Over the years, Corey Taylor has cemented himself as one of the metal scene’s most influential musicians, especially given his swift rise to fame fronting Slipknot, a band that needs no introduction. It was almost like they came out of nowhere and gave the world of rock a band that was sorely needed and which helped define this generation of metalheads. Nine musicians, each adding a unique layer to possibly one of the most creative metal groups to emerge for decades and Slipknot, the debut self-titled behemoth of an album, steamrolled throughout the world accompanied by news of the band’s intense live shows. They turned heads and turned some into life-long fans while others viewed them as a dangerous influence. However you viewed them, though, Slipknot made a statement that was impossible to ignore.
Like so many successful artists, Taylor clearly did not want to be confined to just one act and opted to spread his wings with a side project. Enter Stone Sour. Using this band as a springboard to flex his creative muscles, Taylor toned down the heavy allowing this group to stand apart from Slipknot and develop its own identity. Even though Stone Sour had a sound that set it apart from Slipknot, Taylor was still working with various Slipknot members so, although Stone Sour was different, the band still had an element of living in Slipknot’s shadow.
Now, Taylor is out to create something for himself; no band name, no other Slipknot alumni linking him to his original big break. His debut solo recording, CMFT, demonstrates that Taylor truly is not just the man behind the mask! Opening with “HWY 666,” the track instantly gives off the classic ‘80s vibe, although only briefly as it quickly drifts into an almost country style, but still mixed with ‘80s rock. It is clear from the outset, if you were looking for a Slipknot/Stone Sour clone, you are in the wrong place! Despite my previous statement, I will confess that there are several songs that would feel well at home on a Stone Sour record; I believe that this could easily be put down to the simple fact that we know Taylor is the vocalist and the link is there. The guitar riffs on “Samantha’s Gone” sound like they would be perfectly at home on a KISS record, but, despite this, Taylor still maintains through his vocals that this track is just a tune influenced by a style that was made popular over 40 years ago!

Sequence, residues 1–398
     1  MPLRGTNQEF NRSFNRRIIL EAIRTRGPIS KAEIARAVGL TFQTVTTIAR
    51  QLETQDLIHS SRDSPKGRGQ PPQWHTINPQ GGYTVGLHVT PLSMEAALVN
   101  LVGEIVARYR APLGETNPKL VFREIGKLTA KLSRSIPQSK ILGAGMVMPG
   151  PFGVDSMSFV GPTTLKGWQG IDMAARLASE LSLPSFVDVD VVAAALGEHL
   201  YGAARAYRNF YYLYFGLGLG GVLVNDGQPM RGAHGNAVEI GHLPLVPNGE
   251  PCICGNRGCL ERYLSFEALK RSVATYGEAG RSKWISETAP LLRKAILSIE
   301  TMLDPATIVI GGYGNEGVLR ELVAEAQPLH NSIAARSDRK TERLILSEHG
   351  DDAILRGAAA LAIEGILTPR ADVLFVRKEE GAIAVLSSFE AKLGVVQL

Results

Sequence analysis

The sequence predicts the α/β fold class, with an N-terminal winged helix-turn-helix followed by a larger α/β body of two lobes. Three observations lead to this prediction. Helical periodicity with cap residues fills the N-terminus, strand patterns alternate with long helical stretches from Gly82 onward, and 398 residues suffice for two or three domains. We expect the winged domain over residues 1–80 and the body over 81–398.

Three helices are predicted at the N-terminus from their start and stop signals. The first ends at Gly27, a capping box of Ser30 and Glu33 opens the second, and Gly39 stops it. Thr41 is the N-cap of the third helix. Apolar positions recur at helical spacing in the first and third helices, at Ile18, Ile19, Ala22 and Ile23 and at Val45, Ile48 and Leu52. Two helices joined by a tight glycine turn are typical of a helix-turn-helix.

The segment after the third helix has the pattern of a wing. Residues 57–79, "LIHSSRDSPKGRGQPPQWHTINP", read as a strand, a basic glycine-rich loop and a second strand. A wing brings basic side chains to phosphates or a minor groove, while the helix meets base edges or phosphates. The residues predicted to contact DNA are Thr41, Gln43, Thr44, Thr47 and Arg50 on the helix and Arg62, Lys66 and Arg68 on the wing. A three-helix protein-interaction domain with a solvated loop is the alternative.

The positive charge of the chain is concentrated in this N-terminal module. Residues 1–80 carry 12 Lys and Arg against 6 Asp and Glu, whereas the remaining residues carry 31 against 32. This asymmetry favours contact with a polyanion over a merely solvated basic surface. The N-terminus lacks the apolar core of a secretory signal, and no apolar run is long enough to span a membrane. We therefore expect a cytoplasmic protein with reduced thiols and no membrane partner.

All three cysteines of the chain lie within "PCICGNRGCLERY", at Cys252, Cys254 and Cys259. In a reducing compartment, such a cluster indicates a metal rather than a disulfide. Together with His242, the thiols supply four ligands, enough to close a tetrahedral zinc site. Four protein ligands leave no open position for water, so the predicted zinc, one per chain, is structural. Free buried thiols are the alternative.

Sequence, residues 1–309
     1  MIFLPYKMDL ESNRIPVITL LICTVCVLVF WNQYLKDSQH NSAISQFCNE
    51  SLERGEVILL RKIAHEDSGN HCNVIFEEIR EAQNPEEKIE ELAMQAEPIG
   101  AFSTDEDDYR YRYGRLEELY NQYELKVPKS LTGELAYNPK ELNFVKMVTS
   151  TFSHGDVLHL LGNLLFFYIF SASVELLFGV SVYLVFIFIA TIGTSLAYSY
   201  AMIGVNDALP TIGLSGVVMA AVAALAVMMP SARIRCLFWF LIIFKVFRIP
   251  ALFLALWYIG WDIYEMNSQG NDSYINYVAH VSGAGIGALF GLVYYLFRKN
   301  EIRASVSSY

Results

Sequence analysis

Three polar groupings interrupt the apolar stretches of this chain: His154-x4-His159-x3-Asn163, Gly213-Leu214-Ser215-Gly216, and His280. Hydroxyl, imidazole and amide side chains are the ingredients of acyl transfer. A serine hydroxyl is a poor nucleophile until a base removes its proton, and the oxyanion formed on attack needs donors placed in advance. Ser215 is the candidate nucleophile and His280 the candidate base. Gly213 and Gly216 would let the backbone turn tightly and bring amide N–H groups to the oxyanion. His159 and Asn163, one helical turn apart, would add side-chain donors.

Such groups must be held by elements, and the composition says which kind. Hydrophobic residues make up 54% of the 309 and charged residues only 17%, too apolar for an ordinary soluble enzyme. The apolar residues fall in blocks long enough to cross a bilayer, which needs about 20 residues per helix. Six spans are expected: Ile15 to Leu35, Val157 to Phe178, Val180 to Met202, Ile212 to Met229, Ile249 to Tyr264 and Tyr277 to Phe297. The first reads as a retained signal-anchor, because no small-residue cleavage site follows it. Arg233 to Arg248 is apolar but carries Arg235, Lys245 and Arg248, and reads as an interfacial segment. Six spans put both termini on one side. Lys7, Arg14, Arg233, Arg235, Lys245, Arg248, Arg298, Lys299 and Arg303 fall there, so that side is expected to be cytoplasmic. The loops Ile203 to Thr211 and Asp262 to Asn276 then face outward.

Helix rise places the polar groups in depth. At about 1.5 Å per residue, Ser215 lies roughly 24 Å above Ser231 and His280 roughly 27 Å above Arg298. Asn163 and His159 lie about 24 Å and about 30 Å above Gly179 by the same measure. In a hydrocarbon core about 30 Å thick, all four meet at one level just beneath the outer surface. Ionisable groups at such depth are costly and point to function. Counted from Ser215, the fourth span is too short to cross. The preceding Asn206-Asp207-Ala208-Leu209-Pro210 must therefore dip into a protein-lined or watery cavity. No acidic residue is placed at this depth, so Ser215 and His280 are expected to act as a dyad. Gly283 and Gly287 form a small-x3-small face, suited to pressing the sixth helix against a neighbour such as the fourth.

Yes, there is a heavy ‘80s influence I have picked up on, but “Meine Lux” flips the script and goes for a British punk rock vibe, still ‘80s, but a completely different style, and even geographical location of where the influence came from. The simplicity of the riffs and vocals echo the days when the likes of the Sex Pistols rose to fame, although I will state the production is very much superior in this song. Shifting eras by a decade, the track “CMFT Must be Stopped (featuring Tech N9ne and Kid Bookie)” embraces the ‘90s hip-hop invasion of the rock scene, a crossover no one, at the time, realized they wanted, but needed. It was a tried and tested cocktail utilized by Aerosmith and Run DMC before, but sadly quickly forgotten until the likes of Limp Bizkit and Kid Rock rejuvenated this union.
I have always believed Taylor to be a talented artist, but until CMFT I didn’t realize the extent of his abilities. He has taken elements of popular, but past styles, and added in a modern twist. By doing this he has paid homage to past acts but also refused to be confined by the expected style. I think I am confessing that CMFT is the most joyous record received by my ears in 2020. (And the Deftones also released an album this year!)
CMFT Track Listing:
1. HWY 666
2. Black Eyes Blue
3. Samantha’s Gone
4. Meine Lux
5. Halfway Down
8. Culture Head
9. Everybody Does my Birthday
10. The Maria Fire
12. CMFT Must be Stopped (feat. Tech N9ne and Kid Bookie)
13. European Tour Bus Bathroom Song
Run Time: 47:46
Release Date: October 2, 2020
Record Label: Roadrunner Records